Galls are abnormal growths on a plant that can have various causes, including viruses, nematodes, bacteria, fungi, mites and insects. Aphids, flies and wasps are some of the insects known to cause galls. Generally plants can tolerate galls with no obvious injury. However, a very high incidence of galls can damage and even kills plants.

Gall formers on eucalypts

The Eucalyptus gall wasp (Leptocybe invasa) is currently the only gall forming insect in South Africa which is considered a serious pest of plantation forest trees. This insect, which infests Eucalyptus, was accidentally introduced from Australia. It was first detected in South Africa in 2007 (and only in 2009 in forestry areas). The Eucalyptus gall wasp causes galls on the stems, petioles and midrib of leaves. Damage by this insect is particularly severe on younger trees, where the majority of leaves can have galls, resulting in severe leaf drop. In such cases, stunting of growth and possibly tree death can occur. The adult wasp is minute (about 1.4 mm), but the galls, which often contain multiple eggs of the Eucalyptus gall wasp, are easily visible. Severely infested trees have a gnarled appearance.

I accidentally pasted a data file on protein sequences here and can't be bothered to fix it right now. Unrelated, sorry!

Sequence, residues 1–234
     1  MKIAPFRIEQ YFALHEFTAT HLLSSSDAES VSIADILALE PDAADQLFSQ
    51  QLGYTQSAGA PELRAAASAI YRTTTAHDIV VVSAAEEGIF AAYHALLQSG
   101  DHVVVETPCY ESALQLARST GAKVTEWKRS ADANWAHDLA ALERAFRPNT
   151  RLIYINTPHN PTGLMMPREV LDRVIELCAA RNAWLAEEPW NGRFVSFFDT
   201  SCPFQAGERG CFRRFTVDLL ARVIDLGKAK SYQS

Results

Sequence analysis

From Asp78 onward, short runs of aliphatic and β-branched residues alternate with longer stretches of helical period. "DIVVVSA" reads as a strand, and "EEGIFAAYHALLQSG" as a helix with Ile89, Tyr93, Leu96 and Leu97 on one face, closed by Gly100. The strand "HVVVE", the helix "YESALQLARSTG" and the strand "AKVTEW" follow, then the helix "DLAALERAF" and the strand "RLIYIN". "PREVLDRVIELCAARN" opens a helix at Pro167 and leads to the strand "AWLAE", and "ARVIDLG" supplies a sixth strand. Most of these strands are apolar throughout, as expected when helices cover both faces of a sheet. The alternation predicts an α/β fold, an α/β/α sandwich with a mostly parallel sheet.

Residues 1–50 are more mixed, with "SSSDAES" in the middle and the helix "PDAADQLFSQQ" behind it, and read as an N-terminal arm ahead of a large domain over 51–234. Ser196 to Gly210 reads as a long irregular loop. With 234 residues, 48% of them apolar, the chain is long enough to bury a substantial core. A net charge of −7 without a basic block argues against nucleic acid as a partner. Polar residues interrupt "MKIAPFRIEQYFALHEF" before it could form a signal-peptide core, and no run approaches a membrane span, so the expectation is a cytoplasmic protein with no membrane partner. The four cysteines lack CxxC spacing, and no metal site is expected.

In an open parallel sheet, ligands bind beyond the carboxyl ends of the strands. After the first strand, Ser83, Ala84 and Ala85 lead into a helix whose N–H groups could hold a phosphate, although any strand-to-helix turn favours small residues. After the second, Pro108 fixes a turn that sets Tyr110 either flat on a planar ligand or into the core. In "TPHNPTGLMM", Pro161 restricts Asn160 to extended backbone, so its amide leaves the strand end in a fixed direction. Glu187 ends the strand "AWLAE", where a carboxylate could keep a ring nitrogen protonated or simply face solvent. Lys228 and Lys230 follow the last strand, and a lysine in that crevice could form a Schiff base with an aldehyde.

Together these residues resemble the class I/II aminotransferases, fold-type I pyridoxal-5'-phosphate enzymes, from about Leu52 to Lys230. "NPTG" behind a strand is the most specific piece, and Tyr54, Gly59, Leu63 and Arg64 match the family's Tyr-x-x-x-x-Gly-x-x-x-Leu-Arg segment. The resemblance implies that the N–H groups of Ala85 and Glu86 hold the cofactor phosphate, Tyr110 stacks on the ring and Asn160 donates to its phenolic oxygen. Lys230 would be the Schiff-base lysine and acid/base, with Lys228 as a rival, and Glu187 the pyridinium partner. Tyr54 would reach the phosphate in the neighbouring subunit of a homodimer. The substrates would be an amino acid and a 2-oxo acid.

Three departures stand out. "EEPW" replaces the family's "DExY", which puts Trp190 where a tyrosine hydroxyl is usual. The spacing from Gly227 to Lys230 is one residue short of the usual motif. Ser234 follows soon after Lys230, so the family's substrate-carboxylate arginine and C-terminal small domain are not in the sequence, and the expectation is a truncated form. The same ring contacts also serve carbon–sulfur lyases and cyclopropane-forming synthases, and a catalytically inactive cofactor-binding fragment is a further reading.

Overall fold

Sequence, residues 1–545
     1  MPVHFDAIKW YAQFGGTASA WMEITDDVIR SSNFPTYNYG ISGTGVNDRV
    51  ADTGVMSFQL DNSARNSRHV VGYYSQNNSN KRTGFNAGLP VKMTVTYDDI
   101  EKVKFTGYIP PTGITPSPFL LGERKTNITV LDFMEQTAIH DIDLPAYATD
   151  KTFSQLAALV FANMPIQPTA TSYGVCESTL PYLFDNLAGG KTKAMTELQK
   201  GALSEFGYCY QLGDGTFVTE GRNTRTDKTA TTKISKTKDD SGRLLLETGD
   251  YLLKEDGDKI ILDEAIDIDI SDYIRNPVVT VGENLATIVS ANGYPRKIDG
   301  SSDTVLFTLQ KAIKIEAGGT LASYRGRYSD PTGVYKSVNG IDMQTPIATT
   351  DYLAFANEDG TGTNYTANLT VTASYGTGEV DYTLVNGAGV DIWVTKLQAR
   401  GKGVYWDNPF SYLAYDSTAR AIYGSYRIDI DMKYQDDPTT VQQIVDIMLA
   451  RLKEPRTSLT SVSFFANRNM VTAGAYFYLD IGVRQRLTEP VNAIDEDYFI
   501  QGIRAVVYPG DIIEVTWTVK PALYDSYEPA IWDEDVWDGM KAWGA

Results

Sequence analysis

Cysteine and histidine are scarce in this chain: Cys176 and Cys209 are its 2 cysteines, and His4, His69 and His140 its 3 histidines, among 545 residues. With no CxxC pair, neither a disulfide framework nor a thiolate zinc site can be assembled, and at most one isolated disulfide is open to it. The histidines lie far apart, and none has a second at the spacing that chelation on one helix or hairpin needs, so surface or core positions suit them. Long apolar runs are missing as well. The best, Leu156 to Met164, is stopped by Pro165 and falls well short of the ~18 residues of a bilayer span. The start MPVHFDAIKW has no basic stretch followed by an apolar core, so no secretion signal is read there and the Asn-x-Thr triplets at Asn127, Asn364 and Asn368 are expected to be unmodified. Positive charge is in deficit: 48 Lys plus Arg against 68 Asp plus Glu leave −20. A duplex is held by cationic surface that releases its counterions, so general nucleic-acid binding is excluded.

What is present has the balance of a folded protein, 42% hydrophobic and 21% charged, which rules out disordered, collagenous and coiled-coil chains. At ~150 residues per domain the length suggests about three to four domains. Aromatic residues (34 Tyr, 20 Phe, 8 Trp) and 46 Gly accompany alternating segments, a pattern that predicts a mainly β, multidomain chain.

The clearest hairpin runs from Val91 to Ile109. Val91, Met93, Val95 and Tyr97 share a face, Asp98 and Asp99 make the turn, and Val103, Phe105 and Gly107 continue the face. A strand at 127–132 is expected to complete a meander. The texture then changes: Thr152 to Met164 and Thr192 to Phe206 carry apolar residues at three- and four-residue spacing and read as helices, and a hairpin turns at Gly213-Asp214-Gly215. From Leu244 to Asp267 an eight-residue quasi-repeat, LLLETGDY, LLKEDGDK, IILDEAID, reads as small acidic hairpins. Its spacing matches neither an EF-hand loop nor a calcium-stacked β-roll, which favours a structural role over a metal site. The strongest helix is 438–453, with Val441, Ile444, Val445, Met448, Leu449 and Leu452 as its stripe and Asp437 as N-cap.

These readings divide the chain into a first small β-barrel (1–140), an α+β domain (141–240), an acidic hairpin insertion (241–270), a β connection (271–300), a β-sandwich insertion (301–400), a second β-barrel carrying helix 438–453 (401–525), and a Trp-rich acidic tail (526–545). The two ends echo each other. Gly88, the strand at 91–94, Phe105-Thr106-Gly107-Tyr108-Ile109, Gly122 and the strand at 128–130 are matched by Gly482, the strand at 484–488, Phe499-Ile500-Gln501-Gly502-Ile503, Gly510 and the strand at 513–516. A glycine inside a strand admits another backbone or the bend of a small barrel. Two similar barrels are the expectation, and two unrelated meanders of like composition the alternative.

New Publications

Kanzaki N, Tanaka SE, Ito M, Tanaka K, Slippers B, Tabata M. (2018) Some additional bionomic characters of Deladenus nitobei. Nematology 10.1163/15685411-00003168
Barnes I, Fourie A, Wingfield MJ, Harrington TC, McNew DL, Sugiyama LS, Luiz BC, Heller WP, Keith LM. (2018) New Ceratocystis species associated with rapid death of Metrosideros polymorpha in Hawai`i. Persoonia 40:154–181. 10.3767/persoonia.2018.40.07
Dittrich-Schröder G, Hoareau TB, Hurley BP, Wingfield MJ, Lawson S, Nahrung HF, Slippers B. (2018) Population genetic analyses of complex global insect invasions in managed landscapes: a Leptocybe invasa (Hymenoptera) case study. Biological Invasions 10.1007/s10530-018-1709-0
Viljoen E, Odeny DA, Coetzee MPA, Berger DK, Rees DJG. (2018) Application of Chloroplast Phylogenomics to Resolve Species Relationships Within the Plant Genus Amaranthus. Journal of Molecular Evolution 86(3-4):216-239. 10.1007/s00239-018-9837-9
Pham NQ, Barnes I, Chen SF, Pham TQ, Lombard L, Crous PW, Wingfield MJ. (2018) New species of Cylindrocladiella from plantation soils in South-East Asia. MycoKeys 32:1-24. 10.3897/mycokeys.32.23754 PDF